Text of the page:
June 23, 2022 — Press Release

June 23, 2022

Settlement may restore faith in borrower defense process, though barriers to relief remain 

WASHINGTON – Today advocates from the National Consumer Law Center applauded the proposed settlement agreement in the class action lawsuit Sweet v. Cardona, which challenged the U.S. Department of Education’s failure to provide timely decisions on borrower defense applications submitted by federal student loan borrowers seeking loan cancellation based on predatory school conduct. Kyra Taylor, staff attorney at the National Consumer Law Center, issued the following statement:

“The relief promised by this settlement will be life changing for the defrauded borrowers whose loans will be canceled, but the settlement is also important for borrowers who have not filed applications for relief and who will therefore not benefit immediately. Many borrowers who are eligible for relief and are aware of how to apply have not submitted a borrower defense application because they assumed that the Department’s failure to decide claims meant that applying for relief was futile. But the cancellation and decision deadlines provided by this proposed settlement upend those assumptions and will go a long way toward restoring borrowers’ faith that the government will actually cancel debts associated with predatory school conduct. We hope that borrowers who have lost faith in the process see this announcement and submit their borrower defense applications today. 

“The proposed settlement–along with the Department’s recent decision to automatically cancel loans to attend Corinthian Colleges and Marinello–demonstrates that this administration is committed to providing long-overdue relief to federal student loan borrowers who were harmed by their school. But more work remains. Countless borrowers who were scammed by their school have no idea that they are eligible for relief and will not apply without some kind of intervention. Additionally, the Department still requires borrowers to complete a complicated 25-page form to apply for relief. Even with the improvements provided by this settlement, administrative hurdles will stop eligible borrowers from getting the relief they deserve. 

“We urge the Department to do more with its existing authority to streamline its relief process to eliminate predatory debt from the federal student loan portfolio. For example, attorneys general have submitted group relief claims on behalf of thousands of students that have languished for years.  Some of these pending group claims are now the subject of private litigation challenging the Department’s delay. The Department should include the attorneys generals’ group applications within this settlement, and discharge debts for borrowers covered by these outstanding group applications alongside the outstanding individual applications.”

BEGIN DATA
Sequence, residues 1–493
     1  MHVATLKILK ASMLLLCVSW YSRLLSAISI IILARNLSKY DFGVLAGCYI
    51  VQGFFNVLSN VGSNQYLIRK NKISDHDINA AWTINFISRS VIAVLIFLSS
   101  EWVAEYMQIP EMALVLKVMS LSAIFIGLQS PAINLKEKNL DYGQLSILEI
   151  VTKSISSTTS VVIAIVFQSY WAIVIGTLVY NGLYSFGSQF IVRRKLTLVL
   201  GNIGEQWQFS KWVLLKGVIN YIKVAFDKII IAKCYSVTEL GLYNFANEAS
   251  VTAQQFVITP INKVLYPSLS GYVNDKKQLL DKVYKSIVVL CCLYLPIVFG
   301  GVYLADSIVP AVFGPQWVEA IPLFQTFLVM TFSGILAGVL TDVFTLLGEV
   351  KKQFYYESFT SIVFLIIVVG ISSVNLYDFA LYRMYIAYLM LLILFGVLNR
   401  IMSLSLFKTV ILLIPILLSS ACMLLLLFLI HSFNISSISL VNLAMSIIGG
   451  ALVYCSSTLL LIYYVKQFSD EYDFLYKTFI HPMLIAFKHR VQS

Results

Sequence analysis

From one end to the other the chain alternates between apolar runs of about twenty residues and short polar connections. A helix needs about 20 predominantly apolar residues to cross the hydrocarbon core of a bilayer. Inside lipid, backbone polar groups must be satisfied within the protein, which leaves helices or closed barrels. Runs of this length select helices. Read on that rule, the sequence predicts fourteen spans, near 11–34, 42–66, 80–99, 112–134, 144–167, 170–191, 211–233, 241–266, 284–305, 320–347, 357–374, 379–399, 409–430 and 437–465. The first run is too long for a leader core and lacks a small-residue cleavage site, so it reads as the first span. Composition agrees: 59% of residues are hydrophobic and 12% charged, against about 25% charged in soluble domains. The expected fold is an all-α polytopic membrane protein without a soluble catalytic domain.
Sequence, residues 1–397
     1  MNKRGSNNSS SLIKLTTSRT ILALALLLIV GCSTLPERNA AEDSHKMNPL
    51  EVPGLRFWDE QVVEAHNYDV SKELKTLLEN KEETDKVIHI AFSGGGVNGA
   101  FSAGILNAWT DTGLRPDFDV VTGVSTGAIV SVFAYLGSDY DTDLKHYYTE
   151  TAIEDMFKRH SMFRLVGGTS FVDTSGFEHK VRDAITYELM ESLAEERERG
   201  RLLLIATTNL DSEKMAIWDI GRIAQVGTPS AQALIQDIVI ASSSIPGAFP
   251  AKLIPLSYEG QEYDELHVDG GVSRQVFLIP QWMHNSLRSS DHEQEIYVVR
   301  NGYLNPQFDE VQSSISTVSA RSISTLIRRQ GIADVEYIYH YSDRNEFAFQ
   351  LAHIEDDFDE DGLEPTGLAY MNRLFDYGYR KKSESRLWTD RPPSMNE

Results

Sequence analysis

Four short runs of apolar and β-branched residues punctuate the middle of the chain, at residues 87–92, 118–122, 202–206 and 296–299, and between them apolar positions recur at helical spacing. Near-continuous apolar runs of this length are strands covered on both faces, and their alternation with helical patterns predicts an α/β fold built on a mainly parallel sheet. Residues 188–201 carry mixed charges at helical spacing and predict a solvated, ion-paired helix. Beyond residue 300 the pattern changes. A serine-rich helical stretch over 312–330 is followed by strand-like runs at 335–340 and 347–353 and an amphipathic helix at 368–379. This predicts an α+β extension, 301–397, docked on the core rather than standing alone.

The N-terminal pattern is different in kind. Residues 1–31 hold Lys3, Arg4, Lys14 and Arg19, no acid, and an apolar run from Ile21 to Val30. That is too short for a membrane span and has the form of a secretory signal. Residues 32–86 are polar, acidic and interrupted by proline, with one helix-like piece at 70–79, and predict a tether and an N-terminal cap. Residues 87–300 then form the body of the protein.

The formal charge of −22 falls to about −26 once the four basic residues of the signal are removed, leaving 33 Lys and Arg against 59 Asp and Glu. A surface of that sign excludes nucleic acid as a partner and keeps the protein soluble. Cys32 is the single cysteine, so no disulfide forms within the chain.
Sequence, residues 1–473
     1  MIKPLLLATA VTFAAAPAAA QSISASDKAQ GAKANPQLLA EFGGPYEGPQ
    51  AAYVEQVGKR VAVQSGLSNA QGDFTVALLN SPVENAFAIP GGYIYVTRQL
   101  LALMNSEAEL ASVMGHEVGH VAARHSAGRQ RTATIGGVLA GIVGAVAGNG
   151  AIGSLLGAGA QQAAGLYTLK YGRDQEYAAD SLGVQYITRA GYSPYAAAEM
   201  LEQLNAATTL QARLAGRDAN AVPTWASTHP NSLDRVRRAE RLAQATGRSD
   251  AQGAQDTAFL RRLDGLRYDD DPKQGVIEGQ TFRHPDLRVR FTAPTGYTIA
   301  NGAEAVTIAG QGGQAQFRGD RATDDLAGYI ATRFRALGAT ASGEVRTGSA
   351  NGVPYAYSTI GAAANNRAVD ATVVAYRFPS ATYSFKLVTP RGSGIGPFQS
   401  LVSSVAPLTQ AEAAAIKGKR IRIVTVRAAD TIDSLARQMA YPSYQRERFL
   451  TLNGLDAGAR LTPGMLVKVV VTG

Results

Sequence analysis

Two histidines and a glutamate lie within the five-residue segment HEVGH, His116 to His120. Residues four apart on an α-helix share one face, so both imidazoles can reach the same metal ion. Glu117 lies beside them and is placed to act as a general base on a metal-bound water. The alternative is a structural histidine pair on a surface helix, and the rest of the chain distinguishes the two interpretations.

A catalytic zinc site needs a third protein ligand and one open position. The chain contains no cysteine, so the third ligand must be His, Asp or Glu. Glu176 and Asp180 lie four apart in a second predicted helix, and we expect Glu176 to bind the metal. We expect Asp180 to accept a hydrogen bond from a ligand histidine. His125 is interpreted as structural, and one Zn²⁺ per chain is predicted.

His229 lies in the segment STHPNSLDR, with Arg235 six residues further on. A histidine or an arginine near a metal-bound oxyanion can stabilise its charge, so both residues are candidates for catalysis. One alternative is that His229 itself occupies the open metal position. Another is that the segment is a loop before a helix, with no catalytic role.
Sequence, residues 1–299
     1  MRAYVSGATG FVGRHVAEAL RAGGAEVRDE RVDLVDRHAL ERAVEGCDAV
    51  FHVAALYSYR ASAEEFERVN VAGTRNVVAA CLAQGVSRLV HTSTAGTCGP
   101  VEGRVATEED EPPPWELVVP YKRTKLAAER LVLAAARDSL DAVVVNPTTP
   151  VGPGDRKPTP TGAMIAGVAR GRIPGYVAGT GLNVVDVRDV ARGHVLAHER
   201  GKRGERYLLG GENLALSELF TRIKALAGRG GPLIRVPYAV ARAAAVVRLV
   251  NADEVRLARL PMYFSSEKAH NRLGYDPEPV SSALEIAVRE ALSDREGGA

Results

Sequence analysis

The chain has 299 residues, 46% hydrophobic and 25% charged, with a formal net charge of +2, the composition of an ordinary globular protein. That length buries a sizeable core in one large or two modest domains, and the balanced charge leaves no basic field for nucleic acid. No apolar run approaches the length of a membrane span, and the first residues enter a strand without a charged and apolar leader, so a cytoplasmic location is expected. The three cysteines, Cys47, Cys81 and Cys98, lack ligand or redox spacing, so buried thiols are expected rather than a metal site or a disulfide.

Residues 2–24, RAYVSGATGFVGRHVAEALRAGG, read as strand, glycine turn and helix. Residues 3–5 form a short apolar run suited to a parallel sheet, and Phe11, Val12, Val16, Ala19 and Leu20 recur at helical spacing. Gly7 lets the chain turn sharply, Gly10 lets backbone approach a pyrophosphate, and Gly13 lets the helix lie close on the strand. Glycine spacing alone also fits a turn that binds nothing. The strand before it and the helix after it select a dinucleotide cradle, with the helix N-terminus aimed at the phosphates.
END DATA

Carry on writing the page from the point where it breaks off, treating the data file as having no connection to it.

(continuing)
“In addition, the Department must expand its investigations to unearth additional cases of school misconduct and determine that those borrowers are eligible for relief. The Department should also use its existing findings of eligibility for relief as a basis for issuing group discharges that automatically cancel borrowers’ debts, without requiring individual applications. Finally, the Department should engage in direct outreach to borrowers to inform them that they may be eligible for relief, and should simplify the process for borrowers to apply.”  

Additional resources:

  • Letter submitted by 23 advocacy organizations and unions to the U.S. Department of Education asking for the cancellation of debts associated with all outstanding borrower defense claims.  (April 13, 2021)
  • Press release regarding the Department’s decision to cancel all Corinthian College borrowers’ debts (June 2, 2022)
  • Press release regarding the Department’s decision to cancel Marinello School of Beauty Borrowers’ Debts  (April 28,2022)
  • Press release regarding Hemphill v. Cardona lawsuit alleging that the Department of Education had illegally ignored its responsibility to issue a decision on a group borrower defense claim submitted by the Illinois Attorney General  on behalf of former-students that attended Westwood College’s Criminal Justice programs. (May 19, 2022)
  • Press release regarding Dunn v. Cardona lawsuit alleging the Department of Education ignored its responsibility to issue a decision on a group borrower defense application submitted by the Massachusetts Attorney General  on behalf of former students who attended the Medical Assistant and Medical Billing and Coding programs of the now-defunct Kaplan Career Institute. (April 26, 2022)


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